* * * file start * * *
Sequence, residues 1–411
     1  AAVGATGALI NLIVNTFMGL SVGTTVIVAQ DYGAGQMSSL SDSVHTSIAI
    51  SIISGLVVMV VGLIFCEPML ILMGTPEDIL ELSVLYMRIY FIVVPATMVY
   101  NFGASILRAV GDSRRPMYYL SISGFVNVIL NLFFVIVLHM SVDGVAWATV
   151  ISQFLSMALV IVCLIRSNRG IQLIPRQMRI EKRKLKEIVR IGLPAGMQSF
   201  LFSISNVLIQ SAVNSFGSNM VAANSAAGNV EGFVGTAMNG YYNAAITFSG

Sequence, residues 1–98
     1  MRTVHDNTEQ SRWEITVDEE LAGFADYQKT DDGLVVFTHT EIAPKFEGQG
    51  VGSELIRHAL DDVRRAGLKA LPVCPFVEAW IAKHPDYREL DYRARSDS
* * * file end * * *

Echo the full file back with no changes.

Sequence, residues 1–411
     1  AAVGATGALI NLIVNTFMGL SVGTTVIVAQ DYGAGQMSSL SDSVHTSIAI
    51  SIISGLVVMV VGLIFCEPML ILMGTPEDIL ELSVLYMRIY FIVVPATMVY
   101  NFGASILRAV GDSRRPMYYL SISGFVNVIL NLFFVIVLHM SVDGVAWATV
   151  ISQFLSMALV IVCLIRSNRG IQLIPRQMRI EKRKLKEIVR IGLPAGMQSF
   201  LFSISNVLIQ SAVNSFGSNM VAANSAAGNV EGFVGTAMNG YYNAAITFSG

Sequence, residues 1–98
     1  MRTVHDNTEQ SRWEITVDEE LAGFADYQKT DDGLVVFTHT EIAPKFEGQG
    51  VGSELIRHAL DDVRRAGLKA LPVCPFVEAW IAKHPDYREL DYRARSDS